The next thing I saw, out of the corner of my eye, was the dog nudging the cat. "Get up!" Serena seemed to be saying, and though Quimby clearly understood the message, he did not wish to be disturbed.

"I think the kitty wants to sleep," I said to the dog, giving her a pat and trying to direct her attention elsewhere. But Serena would not be deterred. She persisted in nudging Quimby.

"Serena is a herd dog," Lorita told me. "It's her instinct to herd other animals. She'll herd sheep, she'll herd cattle, she'll even herd geese and chickens. That's who she is. She's a herd dog."

"And cats?" I queried.

"Yes, she also herds cats."

Quimby lifted his head, then brandished his claws warningly, as though he were about to sink them into the nose of his persecutor. The tactless canine just stood there, persisting in her demand, not seeming to realize that she was being truly outrageous. Just as it seemed that Quimby was about to lash out, he withdrew his claws, gazing at the dog for another long moment.

It seemed to me that Quimby was having second thoughts, perhaps feeling that violence was not the answer to this dilemma. Though not exactly a pacifist -- he did on occasion kill birds -- he seemed to be thinking that this foolish dog, no matter how misguided she may have been in her cat-herding instincts, did not deserve a sharp claw in the nose.

Quimby turned his head away, gazing as though into another dimension, seeking an answer. He furrowed up his brow in the most expressive way I've ever seen on a cat's face. I was amazed to see a cat so capable of a facial expression, surpassing anything I've ever seen on a human face. Who knows what levels of complicated thought may have been passing through this cat's mind? An English translation might be something like:

"How can this be happening to me? What is this world coming to? Nobody herds cats. Oh what am I to do?"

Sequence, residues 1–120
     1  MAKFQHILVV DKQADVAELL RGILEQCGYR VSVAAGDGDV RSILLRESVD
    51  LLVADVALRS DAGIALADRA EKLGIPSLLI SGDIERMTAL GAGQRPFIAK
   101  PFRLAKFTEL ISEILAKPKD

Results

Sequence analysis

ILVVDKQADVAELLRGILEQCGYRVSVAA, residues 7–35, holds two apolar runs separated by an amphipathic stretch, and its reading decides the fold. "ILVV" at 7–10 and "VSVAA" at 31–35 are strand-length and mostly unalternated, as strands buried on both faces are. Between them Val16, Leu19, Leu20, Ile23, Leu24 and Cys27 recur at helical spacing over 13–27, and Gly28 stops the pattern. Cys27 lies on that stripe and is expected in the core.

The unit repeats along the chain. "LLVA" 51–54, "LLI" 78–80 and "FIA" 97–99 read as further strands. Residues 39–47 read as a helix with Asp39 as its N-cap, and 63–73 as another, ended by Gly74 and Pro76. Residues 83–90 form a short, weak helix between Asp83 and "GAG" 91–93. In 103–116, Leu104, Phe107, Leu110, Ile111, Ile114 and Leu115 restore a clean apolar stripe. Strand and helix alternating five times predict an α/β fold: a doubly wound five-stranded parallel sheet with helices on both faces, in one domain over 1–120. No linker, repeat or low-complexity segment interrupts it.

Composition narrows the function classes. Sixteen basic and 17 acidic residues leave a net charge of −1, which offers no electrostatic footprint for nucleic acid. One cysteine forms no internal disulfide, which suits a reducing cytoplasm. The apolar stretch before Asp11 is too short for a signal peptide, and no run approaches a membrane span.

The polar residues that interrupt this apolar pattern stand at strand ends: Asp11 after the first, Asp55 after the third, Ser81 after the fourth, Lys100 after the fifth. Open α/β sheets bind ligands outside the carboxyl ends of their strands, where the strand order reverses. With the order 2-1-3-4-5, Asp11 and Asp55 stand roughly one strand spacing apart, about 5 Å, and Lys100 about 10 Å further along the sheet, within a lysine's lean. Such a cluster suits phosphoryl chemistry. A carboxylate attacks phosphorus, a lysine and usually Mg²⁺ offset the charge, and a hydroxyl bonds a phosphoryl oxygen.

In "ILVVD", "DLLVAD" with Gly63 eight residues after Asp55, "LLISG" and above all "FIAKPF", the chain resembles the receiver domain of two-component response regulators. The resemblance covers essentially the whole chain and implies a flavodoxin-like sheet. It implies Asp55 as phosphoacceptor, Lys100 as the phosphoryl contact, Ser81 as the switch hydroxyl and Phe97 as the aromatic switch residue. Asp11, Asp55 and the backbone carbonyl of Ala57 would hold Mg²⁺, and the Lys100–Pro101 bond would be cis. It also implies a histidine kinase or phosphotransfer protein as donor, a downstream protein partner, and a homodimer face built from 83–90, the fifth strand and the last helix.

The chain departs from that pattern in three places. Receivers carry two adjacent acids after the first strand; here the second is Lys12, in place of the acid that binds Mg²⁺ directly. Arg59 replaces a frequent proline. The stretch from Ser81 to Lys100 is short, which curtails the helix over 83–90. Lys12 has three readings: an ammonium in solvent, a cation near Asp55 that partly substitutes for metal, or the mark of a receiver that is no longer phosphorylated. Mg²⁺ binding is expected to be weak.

For some moments Quimby seemed to struggle with his thoughts in this manner. Finally, deciding that this drama had gone far enough, Lorita interceded, taking her dog by the collar, and pulling her away from the cat.

A few evenings later I saw the conclusion of this strange interaction.

I was, as before, sitting by the fire with three or four others including Lorita, when I happened to notice what the cat and the dog were doing. Serena was herding Quimby across the room, and Quimby was allowing her to do this. She herded the cat towards the kitchen area, then in one door of the pantry and out the other, then back towards and past the fireplace. Around and around the room they went, the dog herding the cat.

It must be trying for a cat to maintain his peace of mind, his tranquility and, above all, his feline dignity in situations such as this. I won't say Quimby made the right decision (it perhaps did not occur to him that the dog might now be encouraged to continue in her cat-herding). I'm just saying that, rightly or wrongly, he took what seemed to him a reasonable course of action.

While struggling to be his own cat, Quimby deals as best he can with the bizarre demands of those around him.

DANIEL BORGSTRÖM
danielfortyone ( ) gmail.com

February 14, 2016